Additionally, many terminals at US ports are owned by financial institutions or beneficial cargo owners (BCO) who can leverage private capital for the transition. For example, financial institution owners of port terminals could leverage collateralized loans or OEM-backed financing for equipment purchases across multiple facilities to reduce procurement costs. Additionally, common facility ownership at ports presents an opportunity to jointly procure equipment, creating economies of scale.

Systems planning for green electricity and hydrogen must start now to meet the ports’ 2030 goal

Replacing existing diesel cargo handling equipment with net-zero alternatives will require significant volumes of green electricity and/or green hydrogen to be delivered to ports.

Upgrades will be necessary for electrical grid infrastructure serving the ports to accommodate the increased load from recharging hundreds of pieces of equipment, like the upgrades Southern California Edison are already planning for a new transmission-level substation and other grid enhancements to serve an expected increase in demand at POLB. Infrastructure for hydrogen delivery and refueling will also be necessary to ensure cost-effective delivery of zero-emissions fuel.

Terminal operators may also face site constraints in addition to limited electric capacity. Electric refueling infrastructure often requires more space than diesel pumps because one electric charger supports fewer vehicles than a diesel pump. These chargers can also present a spike in site-wide power usage, and the lead time for getting the power capacity upgrades at a site to support charger installation can be significant. Similarly, building hydrogen refueling infrastructure and securing low-cost hydrogen will require coordination across terminal operators and other buyers of hydrogen for trucking and shipping.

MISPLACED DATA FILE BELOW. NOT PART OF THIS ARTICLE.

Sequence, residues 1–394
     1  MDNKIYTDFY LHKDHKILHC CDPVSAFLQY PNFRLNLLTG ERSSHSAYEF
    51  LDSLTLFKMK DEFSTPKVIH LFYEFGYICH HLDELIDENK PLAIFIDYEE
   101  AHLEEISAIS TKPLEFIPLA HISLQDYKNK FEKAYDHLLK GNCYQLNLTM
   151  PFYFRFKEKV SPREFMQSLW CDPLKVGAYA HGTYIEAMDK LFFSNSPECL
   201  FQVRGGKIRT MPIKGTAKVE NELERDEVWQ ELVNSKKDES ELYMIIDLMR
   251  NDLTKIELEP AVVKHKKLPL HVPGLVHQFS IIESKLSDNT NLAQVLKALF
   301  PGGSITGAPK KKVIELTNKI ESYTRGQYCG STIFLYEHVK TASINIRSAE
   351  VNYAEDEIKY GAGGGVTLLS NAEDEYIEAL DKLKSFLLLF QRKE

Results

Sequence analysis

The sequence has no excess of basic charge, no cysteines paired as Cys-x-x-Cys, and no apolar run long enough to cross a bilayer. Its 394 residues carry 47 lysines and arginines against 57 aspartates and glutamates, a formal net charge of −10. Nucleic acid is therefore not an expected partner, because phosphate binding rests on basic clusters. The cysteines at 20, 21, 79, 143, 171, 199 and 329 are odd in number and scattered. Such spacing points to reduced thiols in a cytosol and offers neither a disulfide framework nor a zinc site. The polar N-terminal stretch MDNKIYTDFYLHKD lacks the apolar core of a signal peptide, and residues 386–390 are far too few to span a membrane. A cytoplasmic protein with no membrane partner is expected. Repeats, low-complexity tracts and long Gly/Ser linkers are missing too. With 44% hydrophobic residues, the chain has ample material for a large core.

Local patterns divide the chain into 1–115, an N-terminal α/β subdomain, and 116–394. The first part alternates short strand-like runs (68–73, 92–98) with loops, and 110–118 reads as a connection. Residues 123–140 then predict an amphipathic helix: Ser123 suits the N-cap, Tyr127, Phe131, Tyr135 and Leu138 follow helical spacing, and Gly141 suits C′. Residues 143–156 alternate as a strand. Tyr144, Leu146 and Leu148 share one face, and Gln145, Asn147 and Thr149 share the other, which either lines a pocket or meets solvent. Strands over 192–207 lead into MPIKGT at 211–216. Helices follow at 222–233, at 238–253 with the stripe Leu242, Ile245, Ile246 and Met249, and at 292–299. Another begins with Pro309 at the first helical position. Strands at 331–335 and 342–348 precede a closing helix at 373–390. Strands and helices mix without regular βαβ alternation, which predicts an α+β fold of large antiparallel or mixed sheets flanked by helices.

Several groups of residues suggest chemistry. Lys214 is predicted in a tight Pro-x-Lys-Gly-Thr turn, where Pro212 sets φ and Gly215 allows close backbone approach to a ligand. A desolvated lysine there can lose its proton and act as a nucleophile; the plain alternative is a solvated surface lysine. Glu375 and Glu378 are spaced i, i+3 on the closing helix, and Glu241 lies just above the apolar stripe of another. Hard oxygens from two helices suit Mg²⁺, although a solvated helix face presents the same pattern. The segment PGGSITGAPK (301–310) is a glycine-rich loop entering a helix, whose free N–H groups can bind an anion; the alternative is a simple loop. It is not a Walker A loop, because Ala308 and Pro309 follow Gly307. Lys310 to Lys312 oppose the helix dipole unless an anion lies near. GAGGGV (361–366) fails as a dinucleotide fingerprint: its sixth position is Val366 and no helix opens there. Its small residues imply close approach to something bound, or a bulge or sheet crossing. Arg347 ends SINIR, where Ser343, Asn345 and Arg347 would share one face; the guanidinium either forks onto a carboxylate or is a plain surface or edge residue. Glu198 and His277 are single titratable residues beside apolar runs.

Conclusion: Decarbonizing goods movement in the United States and beyond

Converting to zero-emissions cargo handling equipment is just one piece of decarbonizing ports and goods movement. Actors across the value chain — beneficial cargo owners, terminal operators, ports, OEMs, utilities, and energy suppliers — all have a role to play in ensuring a rapid and cost-effective transition. Further, environmental justice groups are advocating for a transition away from diesel, while labor groups are working to ensure the transition does not displace union jobs. Cargo owners are increasingly interested in choosing carriers with more sustainable operations, creating pressure for fleets to decarbonize.

Maritime trade will continue to be an essential part of our modern way of life, but we can diminish its climate impact. Reducing port emissions in the United States and globally is essential to meeting climate goals, decarbonizing goods movement, and reducing harmful pollution in neighboring communities.

About Clean Industrial Hubs

The insights discussed above come from RMI and the Mission Possible Partnership’s Clean Industrial Hub in Los Angeles, California, that accelerates industrial and heavy transportation decarbonization in the region. Clean industrial hubs bring together policymakers, financial institutions, project developers, and community-based organizations to enable groundbreaking decarbonization projects in the hardest-to-abate sectors. In Los Angeles, RMI and MPP’s analyses, convenings, and tools support stakeholders working to advance zero-emissions trucking, low-carbon cement plants, sustainable aviation fuel, and decarbonized ports, by increasing the size, scale, and speed of critical climate investments that benefit the environment, the economy, and communities. This work is done in partnership with the Bezos Earth Fund.

Interested in learning more? Check out these resources: